BOB MARLEY: ONE LOVE – Review by Valerie Kalfrin

When he died of cancer in 1981 at age thirty-six, Jamaican reggae singer, songwriter, and guitarist Bob Marley was a worldwide sensation. The new drama One Love, which spotlights a brief period in his too-short life, treats Marley and his work with affectionate reverence yet fails to dive deep into the life of the man behind the music. Directed by Reinaldo Marcus Green, One Love centers on the 1977 recording of Exodus, the ninth studio album by Marley and the Wailers shortly after Marley survived an assassination attempt at his home in Jamaica. How Marley handles certain events in his life are shown so subtly as to feel unexplored.

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CREED III – Review by Valerie Kalfrin

More of a split decision than a knockout, Creed III immerses viewers in visceral boxing scenes but falls short in the character development that made the first two entries in this franchise such a delight. Michael B. Jordan (Black Panther: Wakanda Forever) again returns as Adonis Creed, the son of Apollo Creed, Rocky Balboa’s foe turned friend from the original Rocky franchise. Adonis, also called Donnie, is now a world championship boxer with a wealth of success who feels antsy in his retirement—one of several plot points that feel rushed and similar to the earlier Rocky films.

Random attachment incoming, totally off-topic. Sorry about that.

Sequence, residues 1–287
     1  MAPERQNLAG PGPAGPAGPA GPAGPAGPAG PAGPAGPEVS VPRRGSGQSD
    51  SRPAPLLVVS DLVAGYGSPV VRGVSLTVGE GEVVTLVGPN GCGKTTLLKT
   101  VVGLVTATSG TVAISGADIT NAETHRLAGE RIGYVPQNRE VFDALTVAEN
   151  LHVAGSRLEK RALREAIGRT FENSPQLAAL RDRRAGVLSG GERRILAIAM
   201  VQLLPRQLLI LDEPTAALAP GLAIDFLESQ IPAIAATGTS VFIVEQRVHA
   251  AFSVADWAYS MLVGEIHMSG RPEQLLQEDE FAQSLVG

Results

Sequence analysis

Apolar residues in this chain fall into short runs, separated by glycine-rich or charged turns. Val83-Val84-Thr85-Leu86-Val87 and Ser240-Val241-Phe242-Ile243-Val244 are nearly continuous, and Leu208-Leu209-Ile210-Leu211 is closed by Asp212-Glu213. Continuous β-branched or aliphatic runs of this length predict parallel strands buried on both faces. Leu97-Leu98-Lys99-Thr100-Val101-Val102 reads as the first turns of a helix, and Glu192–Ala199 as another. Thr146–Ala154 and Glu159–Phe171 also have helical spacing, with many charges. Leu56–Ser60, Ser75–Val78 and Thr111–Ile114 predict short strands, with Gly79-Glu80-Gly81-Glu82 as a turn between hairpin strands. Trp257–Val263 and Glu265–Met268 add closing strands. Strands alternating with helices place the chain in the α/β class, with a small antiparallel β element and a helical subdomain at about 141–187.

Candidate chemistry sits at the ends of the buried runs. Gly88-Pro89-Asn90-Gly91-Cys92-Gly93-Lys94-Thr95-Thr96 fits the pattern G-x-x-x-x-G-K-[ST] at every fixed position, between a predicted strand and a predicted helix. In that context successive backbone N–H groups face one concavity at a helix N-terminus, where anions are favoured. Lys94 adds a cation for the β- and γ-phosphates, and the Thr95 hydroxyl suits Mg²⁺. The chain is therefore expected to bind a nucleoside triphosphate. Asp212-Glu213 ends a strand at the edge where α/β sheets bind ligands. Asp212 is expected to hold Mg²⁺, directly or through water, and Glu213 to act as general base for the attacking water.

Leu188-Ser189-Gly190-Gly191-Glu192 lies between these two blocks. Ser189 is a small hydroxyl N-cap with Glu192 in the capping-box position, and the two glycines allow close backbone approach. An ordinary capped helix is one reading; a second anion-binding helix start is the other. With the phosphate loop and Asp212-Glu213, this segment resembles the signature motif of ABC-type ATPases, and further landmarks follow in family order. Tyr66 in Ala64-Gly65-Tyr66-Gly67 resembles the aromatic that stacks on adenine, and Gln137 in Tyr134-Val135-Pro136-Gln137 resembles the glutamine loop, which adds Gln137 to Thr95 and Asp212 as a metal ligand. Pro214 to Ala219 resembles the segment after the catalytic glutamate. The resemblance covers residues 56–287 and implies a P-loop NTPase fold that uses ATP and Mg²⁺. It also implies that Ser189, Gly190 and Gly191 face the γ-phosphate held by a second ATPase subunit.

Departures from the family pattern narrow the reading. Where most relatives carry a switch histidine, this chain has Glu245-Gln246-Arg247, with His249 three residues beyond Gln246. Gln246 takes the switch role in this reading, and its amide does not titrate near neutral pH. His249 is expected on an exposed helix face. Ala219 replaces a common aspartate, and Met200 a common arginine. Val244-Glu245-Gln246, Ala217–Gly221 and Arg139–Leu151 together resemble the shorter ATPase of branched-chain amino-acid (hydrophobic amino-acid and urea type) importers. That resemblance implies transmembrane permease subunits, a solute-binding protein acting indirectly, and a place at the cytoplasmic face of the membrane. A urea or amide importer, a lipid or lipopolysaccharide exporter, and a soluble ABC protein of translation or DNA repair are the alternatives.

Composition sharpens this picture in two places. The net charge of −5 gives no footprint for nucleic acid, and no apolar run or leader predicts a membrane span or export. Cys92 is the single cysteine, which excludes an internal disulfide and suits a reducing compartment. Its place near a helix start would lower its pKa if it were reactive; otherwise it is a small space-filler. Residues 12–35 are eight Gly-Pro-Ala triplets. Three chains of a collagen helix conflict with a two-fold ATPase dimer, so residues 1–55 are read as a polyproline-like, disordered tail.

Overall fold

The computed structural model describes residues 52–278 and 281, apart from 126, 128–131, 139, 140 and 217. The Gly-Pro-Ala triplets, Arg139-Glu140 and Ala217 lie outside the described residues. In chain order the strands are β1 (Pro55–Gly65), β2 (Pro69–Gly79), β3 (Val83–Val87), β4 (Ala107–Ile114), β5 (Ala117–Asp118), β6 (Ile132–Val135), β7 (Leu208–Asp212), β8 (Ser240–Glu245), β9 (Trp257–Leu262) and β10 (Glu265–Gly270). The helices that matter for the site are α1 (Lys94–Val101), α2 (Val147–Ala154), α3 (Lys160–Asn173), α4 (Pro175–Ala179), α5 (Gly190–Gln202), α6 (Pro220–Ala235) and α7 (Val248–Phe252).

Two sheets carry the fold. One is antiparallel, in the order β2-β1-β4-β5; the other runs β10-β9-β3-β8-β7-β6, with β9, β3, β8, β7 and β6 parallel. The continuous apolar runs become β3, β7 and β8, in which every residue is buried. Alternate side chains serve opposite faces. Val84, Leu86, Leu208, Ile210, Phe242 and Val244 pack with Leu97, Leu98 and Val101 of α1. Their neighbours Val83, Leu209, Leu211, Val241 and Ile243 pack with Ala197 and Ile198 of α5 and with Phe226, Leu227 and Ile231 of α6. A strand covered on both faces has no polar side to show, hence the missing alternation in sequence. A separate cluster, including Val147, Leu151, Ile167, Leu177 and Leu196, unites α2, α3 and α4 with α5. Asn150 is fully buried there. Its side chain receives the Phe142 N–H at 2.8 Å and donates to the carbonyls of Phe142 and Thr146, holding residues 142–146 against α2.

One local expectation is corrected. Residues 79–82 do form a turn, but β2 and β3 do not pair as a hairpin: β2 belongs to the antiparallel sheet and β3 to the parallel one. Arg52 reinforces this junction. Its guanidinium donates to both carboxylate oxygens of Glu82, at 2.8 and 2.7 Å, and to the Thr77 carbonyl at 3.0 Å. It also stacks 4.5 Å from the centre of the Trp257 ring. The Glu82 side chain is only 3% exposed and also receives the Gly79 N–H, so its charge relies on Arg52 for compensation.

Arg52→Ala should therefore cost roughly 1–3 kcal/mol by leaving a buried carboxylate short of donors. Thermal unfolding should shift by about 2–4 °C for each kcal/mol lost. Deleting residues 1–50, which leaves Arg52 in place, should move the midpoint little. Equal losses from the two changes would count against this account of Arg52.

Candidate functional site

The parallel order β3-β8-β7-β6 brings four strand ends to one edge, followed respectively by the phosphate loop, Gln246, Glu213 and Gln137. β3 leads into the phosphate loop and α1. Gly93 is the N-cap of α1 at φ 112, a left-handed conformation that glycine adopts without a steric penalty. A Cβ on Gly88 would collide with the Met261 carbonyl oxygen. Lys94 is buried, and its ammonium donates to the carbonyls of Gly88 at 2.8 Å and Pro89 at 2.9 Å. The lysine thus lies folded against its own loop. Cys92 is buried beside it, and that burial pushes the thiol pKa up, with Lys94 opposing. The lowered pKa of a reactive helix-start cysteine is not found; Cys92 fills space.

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CREED III – Review by Susan Kamyab

Creed III is not exactly a knockout, but it is an intense match with some fantastic performances, and a solid directorial debut by Michael B. Jordan. Writing wise, the story has its flaws and feels a little slow at times. However, Jordan’s creative shots and thrilling fight and training sequences help compensate for any sluggish moments. It punches up enough emotions and excitement to satisfy any Rocky fan and is a crowd pleaser that hits harder when watched on the big screen.

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CREED III – Review by Nadine Whitney

In his directorial debut, Creed III, Michael B. Jordan isn’t reinventing the wheel in terms of a sporting story, but he is adding an emotional nuance to it that makes it more than an ex-friends turned enemies battle of wills. Jordan wears his heart on his sleeve as both director and actor. Jonathan Majors could not be more perfectly cast as Dame – he is an actor that even at over six foot and looking like he could throw a truck across a room, is able to exude an internal intensity that is often astonishing. It feels that both Creed and Dame are fighting for their respective lives. Forgiveness is the key to Creed III, whether that be forgiving a child for his reckless actions or forgiving a man who was forged in the worst kind of fire. Jordan’s debut is a knockout.

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